From the first moment I heard Cassie Wieland’s incredible remix of Adrianne Munden-Dixon’s “Lung,” I wanted to hear more and know more. A few months later, her debut, Birthday Party, is out, and it’s a release that leaves a mark. I talked about this more in-depth on this edition of Foxy Digitalis Daily, but I still wanted to learn more about Wieland’s practice and how everything came together to create such a beautiful debut.
Birthday Party is OUT NOW.
Going back, what are some of your earliest memories or experiences related to music or sound? What are some of the real formative things from when you were young that have stuck with you?
I’ve been interested in music as long as I can remember – my parents always tell me this story of when they bought me a little Fisher Price toy piano when I was a toddler, and allegedly they walked in on me transcribing nursery rhymes by myself in the living room a few times. I also remember teaching myself how to read music at church; out of boredom I would sit there and read the hymnals until they made sense. Before I had any sort of training I was very interested in figuring out how music worked.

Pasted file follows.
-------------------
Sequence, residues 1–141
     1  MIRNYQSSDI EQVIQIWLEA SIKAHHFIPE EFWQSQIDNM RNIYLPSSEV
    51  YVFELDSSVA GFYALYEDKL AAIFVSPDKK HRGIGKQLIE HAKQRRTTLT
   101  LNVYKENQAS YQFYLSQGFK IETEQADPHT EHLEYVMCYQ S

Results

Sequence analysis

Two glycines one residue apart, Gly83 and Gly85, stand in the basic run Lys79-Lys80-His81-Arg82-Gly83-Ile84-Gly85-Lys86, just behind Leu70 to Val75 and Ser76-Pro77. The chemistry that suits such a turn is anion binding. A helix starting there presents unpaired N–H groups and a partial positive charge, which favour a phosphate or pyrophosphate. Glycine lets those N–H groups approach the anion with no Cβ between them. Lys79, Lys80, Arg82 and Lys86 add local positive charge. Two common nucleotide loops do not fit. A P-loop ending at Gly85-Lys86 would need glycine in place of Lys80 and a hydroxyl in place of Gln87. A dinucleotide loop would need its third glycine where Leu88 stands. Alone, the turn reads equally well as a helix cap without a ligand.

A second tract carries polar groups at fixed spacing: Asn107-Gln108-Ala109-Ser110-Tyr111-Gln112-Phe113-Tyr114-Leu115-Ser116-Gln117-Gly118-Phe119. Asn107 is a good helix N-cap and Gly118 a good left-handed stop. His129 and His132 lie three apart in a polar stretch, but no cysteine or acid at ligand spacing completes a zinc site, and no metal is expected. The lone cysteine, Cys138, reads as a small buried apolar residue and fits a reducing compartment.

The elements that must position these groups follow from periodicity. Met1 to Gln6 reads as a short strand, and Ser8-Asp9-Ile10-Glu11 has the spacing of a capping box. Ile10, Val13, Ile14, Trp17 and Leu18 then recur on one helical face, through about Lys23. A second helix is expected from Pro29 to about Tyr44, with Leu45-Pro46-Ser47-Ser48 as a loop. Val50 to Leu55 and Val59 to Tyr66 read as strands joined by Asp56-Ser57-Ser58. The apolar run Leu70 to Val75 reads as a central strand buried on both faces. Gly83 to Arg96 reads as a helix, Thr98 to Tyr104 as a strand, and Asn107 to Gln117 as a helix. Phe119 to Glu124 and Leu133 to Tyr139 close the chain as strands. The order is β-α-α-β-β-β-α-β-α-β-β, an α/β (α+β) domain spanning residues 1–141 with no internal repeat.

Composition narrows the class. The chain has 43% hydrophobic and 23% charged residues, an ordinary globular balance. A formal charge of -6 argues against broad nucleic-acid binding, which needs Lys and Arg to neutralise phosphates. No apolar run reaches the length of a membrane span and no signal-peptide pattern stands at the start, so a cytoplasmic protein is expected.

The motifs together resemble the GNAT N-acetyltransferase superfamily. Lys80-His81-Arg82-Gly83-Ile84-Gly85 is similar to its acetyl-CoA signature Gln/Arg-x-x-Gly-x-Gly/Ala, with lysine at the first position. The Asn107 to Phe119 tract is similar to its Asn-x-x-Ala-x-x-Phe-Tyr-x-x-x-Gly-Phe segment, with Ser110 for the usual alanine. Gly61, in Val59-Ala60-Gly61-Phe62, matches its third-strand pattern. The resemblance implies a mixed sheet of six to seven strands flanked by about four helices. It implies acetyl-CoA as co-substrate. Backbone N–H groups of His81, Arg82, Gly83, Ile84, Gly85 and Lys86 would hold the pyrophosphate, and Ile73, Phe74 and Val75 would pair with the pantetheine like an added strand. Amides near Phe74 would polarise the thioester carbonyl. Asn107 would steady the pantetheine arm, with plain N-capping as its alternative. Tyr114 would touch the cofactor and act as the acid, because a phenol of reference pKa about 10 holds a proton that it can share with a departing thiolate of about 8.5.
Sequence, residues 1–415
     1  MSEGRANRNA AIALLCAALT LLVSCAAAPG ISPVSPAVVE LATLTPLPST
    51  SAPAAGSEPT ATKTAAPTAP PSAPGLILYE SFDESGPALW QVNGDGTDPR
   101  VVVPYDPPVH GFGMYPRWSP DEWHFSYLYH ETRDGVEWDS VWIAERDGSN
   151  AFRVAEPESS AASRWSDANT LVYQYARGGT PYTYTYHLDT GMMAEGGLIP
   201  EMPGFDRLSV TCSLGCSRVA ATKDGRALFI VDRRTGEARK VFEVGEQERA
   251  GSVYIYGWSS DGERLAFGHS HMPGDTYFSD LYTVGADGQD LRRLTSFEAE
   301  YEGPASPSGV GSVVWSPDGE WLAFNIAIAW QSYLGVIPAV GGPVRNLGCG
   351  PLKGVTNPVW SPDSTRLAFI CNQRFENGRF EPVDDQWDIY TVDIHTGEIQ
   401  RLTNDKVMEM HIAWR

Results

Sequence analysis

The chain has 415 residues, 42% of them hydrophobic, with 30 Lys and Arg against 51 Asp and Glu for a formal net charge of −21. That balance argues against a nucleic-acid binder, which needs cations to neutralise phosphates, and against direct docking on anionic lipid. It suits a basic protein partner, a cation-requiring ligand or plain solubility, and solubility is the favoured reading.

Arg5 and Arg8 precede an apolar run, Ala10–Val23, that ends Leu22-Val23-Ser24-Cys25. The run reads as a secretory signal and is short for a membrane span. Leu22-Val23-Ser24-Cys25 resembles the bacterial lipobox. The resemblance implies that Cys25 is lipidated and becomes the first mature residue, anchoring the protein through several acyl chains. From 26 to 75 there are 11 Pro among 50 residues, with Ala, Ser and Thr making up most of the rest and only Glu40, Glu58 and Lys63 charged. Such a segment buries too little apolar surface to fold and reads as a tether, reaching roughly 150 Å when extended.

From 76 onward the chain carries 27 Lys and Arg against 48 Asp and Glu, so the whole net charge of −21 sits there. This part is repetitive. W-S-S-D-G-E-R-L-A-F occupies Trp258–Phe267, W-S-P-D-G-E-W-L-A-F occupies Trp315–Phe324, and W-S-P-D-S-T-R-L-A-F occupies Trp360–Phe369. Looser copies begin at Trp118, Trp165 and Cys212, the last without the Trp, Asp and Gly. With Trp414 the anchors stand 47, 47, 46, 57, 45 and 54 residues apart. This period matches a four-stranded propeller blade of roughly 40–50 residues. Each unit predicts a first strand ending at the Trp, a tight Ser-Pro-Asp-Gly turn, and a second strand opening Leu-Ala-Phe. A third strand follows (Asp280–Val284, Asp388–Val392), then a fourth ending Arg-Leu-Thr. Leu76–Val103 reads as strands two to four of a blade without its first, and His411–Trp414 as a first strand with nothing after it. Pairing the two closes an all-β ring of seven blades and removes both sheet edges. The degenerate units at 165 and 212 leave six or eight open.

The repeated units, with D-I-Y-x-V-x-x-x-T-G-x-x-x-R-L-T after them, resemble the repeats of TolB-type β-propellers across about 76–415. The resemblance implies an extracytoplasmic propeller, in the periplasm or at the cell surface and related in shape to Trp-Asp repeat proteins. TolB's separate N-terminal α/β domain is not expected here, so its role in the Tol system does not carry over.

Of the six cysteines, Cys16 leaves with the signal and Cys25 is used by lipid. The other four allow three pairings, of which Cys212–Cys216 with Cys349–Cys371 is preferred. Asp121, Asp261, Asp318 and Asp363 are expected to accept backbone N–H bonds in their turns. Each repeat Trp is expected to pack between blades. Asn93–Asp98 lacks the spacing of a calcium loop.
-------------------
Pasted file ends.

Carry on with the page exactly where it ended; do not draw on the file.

Did you always want to be a musician or play music?
I’m not sure I always wanted to be a musician; I think until I was ten or so my goal career was “princess.” But music was always something I enjoyed, and thankfully nobody told me to stop, so it stayed in my life.
When did you start composing your own music? Was there a specific moment or experience that pushed you to begin?
I didn’t start composing music until college. I was in school for music education and my theory teacher Dr. Magnuson saw that I loved theory and ear training, so he persuaded me to join a group composition class. During that time everything sort of clicked. Dr. Magnuson became my mentor throughout undergrad, and I stuck with composing because it made sense to me and because I wanted to be more like him.
So, Birthday Party is just out. It’s a remarkable album in so many ways, but I’m so taken by the vulnerability and earnestness of it. I think it’s really powerful, and I can only imagine it’s a bit terrifying to put yourself out there like that. What was it like to put your personal feelings out there for the world to hear? Were there any moments where it almost felt like too much?
It was really scary! I’m very used to expressing myself through wordless music, so working with lyrics made everything twice as real. There were a lot of moments during making the album where I thought “Maybe this is too depressing to be relatable,” but I pushed myself to try it anyways.
A little more generally, what do you think is the importance of vulnerability in music and art?
I think vulnerability is super important if you’re trying to connect with people through art. The music I love the most is the stuff that expresses things that I’m too scared to say myself, so it makes sense to strive for that with my own music.
Can you talk a little about what was it like to break out of the composer-performer hierarchy, and why, at this moment, it was the approach you wanted to explore?